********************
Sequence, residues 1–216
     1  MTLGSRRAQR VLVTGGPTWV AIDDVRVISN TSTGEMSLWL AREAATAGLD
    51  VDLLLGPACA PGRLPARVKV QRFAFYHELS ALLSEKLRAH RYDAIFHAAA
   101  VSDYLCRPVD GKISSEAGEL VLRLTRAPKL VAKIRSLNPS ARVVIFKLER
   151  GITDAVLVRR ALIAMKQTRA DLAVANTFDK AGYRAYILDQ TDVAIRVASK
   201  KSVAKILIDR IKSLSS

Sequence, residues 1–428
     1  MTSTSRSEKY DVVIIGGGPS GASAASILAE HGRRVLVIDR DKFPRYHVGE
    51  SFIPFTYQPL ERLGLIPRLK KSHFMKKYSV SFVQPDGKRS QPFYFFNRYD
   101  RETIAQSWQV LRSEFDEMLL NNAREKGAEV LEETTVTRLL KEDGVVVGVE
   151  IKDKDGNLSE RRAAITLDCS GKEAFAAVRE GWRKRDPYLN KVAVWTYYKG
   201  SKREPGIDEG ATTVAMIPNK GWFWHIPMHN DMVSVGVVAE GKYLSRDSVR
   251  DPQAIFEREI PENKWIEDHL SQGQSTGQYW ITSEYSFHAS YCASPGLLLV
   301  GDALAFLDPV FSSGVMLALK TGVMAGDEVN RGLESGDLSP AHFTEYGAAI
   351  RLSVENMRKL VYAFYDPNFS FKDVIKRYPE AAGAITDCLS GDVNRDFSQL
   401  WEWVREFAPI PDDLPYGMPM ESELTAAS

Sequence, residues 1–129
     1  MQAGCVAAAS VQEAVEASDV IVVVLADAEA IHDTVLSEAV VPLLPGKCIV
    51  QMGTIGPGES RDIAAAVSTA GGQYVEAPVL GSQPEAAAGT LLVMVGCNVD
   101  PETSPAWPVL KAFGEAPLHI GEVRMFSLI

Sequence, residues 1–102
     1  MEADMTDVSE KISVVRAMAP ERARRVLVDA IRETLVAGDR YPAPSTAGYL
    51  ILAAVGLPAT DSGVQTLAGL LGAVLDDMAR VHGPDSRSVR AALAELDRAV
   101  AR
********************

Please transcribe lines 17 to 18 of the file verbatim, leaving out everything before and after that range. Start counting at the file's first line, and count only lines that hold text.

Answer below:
Sequence, residues 1–129
     1  MQAGCVAAAS VQEAVEASDV IVVVLADAEA IHDTVLSEAV VPLLPGKCIV